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Germany

Hardcore football fans 'do not put violence first'

Football is worshiped by millions in Germany, and some of the sport's more passionate followers have a reputation for stirring up trouble. Still, Germany has found a way to embrace true fans and push against hooligans.

Football-related violence is a regular occurrence in Germany, and games between rival teams can often paralyze entire cities. The police have noted 1,265 people injured in the current football season, the authorities told DW. This week, second-league team Dynamo Dresden was fined 60,000 euros ($65,400) after one of its fans threw a severed bull's head near the pitch.

Many blame these incidents on pent-up frustration of poor and uneducated soccer fans. But the real issue is more complicated, according to Michael Gabriel, the manager of the Koordinationsstelle Fanprojekte, an autonomous organization that oversees dozens of projects aimed at supporting young football fans across Germany.

"From my perspective, there are various reasons for violence at football matches," he told DW. "One of the factors is definitely the setting - in football there are two camps, us versus them. This is linked with rivalries that have been developing, in some cases, for many years. With this kind of extremely emotional environment, extreme behavior can happen."

Although these tensions are usually expressed through chanting and mockery, the situation can occasionally grow violent, Gabriel said.

"Another factor, which has been described by Bill Buford in his book 'Among the Thugs,' is that some people find violence fun and meaningful. Societal deprivation or frustrations are usually not the key factors," he added.

Ultras vs. hooligans

Germany has an extensive network of institutions dedicated to working with the fans, including special fan mediators between clubs' supporters and management. Security forces also take preventive steps against known troublemakers, such as banning them from certain places, according to the police.

"These measures aim to prevent the inciters from traveling to game venues and committing offenses. On game days, authorities separate fans in order to prevent clashes between rival groups," police told DW.

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These efforts have largely pushed classic hooligan groups into irrelevance, relegating their conflicts away from stadiums. Most of the game-day incidents are now caused by the so-called ultras, the hardcore fans. Although both groups can be violent, it is important to make a distinction between them, Gabriel told DW.

"Unlike the hooligans, who meet with the purpose of fighting other fans, the ultra fans do not put violence first. They contribute massively to the atmosphere, they show a desire to help their clubs in other ways, to cooperate and be part of the decision-making process," he added. "Still, it's rare to find an ultra fan who completely rejects violence."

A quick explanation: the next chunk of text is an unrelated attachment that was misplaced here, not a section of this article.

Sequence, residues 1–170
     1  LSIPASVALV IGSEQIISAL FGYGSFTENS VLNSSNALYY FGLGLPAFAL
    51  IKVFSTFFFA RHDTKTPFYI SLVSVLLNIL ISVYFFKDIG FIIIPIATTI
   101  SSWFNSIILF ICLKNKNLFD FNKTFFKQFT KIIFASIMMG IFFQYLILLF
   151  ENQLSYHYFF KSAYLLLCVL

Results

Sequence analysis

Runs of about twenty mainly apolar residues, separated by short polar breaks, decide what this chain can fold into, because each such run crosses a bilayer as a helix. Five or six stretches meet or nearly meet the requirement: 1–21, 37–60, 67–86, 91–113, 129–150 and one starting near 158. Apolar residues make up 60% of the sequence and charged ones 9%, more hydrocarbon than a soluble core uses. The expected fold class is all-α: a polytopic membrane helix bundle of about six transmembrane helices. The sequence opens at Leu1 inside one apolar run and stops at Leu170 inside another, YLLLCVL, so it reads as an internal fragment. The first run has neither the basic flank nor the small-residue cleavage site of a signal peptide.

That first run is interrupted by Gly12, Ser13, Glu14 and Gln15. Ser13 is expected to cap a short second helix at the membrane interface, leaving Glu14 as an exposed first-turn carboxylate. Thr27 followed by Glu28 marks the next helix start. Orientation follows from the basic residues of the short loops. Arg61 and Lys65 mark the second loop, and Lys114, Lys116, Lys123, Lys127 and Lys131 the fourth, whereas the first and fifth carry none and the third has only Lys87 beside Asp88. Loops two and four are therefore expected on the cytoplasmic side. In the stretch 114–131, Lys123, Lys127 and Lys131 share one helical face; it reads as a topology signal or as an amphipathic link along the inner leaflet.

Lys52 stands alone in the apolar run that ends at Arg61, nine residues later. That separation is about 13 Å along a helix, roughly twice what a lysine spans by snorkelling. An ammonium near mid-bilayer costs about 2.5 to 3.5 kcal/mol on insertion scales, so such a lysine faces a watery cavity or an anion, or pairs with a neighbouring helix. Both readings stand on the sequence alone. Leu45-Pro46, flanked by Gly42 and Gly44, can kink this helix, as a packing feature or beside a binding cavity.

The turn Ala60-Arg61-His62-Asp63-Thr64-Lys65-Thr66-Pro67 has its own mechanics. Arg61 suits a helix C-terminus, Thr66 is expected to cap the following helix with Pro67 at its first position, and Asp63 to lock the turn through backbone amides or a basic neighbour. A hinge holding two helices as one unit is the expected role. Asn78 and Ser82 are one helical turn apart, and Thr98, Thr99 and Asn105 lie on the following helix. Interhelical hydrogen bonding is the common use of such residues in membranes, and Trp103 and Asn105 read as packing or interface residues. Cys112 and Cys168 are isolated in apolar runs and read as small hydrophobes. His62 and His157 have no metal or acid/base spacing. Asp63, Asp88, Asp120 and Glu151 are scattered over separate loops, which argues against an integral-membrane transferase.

Violence on the rise

German football clubs see fan-culture as a vital part of the game, and fans' opinions matter to the management, according to the Gabriel.

"They also aim to allow fans to get involved in a creative and constructive way," Gabriel said, adding that Germany also has a network of 59 so-called fan-projects, which do long-term work with young football fans, independently from the clubs.

This bid to engage fans has shown good results, keeping the violence at a relatively low level. Statistically, it is "more dangerous to visit the Oktoberfest in Munich than to go to a football game" in Germany, Gabriel said.

"If you look at the situation in the German football, it is extremely successful when it comes to ticket sales and filling up venues. This indicates good quality games, but also that the atmosphere at the games is good, and that visitors feels safe going to the stadiums," he said.

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But that doesn't mean football-related violence is not a problem, he said.

"Violent acts committed by some ultra groups are on the rise, and such acts are often condoned. Another phenomenon, which goes outside football, is the issue of hooligans. They do not play a big role in football anymore, but they have closed ranks in order to fight German Salafists. The hooligans are very right-wing and have racist attitudes." Some of them are also involved in the rallies set up by the anti-immigration, anti-Islam PEGIDA movement, he added.

"We also had a very serious incident this year in Leipzig, when various groups of hooligans attacked a section of the city that has a reputation for being left-wing," Gabriel said.

Despite these incidents, problems in German football remain "manageable" and less severe than in many other countries. The key is that German clubs stay engaged in constant dialogue with the fans, Gabriel said.

"Many clubs abroad are led by people who only want to make money and are not interested in their club's social responsibility. When their fans cause trouble, they often say, 'that has nothing to do with us, it is a job for the police,'" Gabriel said. "My impression is that these attitudes alienate friendly and peaceful fans from football and attract more people who seek out confrontation and violence."

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